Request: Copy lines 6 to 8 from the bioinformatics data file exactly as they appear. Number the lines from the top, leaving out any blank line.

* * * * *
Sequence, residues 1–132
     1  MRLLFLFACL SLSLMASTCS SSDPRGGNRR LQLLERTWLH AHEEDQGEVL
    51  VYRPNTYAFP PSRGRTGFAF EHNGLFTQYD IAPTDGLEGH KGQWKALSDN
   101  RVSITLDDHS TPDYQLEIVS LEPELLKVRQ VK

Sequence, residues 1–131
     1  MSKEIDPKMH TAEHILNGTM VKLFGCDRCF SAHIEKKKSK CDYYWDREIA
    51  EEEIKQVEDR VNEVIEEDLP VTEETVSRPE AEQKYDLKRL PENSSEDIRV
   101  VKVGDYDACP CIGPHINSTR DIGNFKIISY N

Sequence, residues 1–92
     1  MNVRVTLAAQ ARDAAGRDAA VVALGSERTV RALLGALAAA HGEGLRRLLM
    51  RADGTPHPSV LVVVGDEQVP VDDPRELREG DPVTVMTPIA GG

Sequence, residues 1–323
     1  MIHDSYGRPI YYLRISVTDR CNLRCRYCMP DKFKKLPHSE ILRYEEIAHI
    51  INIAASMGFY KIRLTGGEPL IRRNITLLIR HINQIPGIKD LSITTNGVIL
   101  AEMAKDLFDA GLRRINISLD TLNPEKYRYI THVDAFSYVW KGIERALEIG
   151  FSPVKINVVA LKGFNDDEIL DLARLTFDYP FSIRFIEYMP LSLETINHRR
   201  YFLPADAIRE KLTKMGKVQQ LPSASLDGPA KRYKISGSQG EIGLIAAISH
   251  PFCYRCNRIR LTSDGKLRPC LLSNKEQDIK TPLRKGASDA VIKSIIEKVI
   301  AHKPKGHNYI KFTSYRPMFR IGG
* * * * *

     1  MSKEIDPKMH TAEHILNGTM VKLFGCDRCF SAHIEKKKSK CDYYWDREIA
    51  EEEIKQVEDR VNEVIEEDLP VTEETVSRPE AEQKYDLKRL PENSSEDIRV
   101  VKVGDYDACP CIGPHINSTR DIGNFKIISY N